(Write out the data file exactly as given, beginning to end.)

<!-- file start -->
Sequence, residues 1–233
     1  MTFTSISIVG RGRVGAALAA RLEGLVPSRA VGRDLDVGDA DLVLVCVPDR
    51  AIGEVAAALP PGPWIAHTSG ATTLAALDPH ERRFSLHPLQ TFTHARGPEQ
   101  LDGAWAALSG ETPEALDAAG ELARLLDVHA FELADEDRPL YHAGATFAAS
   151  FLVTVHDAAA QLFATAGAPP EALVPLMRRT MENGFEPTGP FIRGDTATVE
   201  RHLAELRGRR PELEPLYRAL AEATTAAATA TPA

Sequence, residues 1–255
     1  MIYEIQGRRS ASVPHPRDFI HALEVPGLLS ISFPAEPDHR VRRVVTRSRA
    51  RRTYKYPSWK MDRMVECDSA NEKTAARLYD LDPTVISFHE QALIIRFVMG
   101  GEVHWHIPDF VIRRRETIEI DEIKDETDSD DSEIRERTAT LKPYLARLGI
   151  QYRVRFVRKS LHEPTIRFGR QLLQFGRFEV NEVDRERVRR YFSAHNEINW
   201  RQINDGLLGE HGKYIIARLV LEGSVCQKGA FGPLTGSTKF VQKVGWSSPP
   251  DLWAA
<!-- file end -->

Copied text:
Sequence, residues 1–233
     1  MTFTSISIVG RGRVGAALAA RLEGLVPSRA VGRDLDVGDA DLVLVCVPDR
    51  AIGEVAAALP PGPWIAHTSG ATTLAALDPH ERRFSLHPLQ TFTHARGPEQ
   101  LDGAWAALSG ETPEALDAAG ELARLLDVHA FELADEDRPL YHAGATFAAS
   151  FLVTVHDAAA QLFATAGAPP EALVPLMRRT MENGFEPTGP FIRGDTATVE
   201  RHLAELRGRR PELEPLYRAL AEATTAAATA TPA

Sequence, residues 1–255
     1  MIYEIQGRRS ASVPHPRDFI HALEVPGLLS ISFPAEPDHR VRRVVTRSRA
    51  RRTYKYPSWK MDRMVECDSA NEKTAARLYD LDPTVISFHE QALIIRFVMG
   101  GEVHWHIPDF VIRRRETIEI DEIKDETDSD DSEIRERTAT LKPYLARLGI
   151  QYRVRFVRKS LHEPTIRFGR QLLQFGRFEV NEVDRERVRR YFSAHNEINW
   201  RQINDGLLGE HGKYIIARLV LEGSVCQKGA FGPLTGSTKF VQKVGWSSPP
   251  DLWAA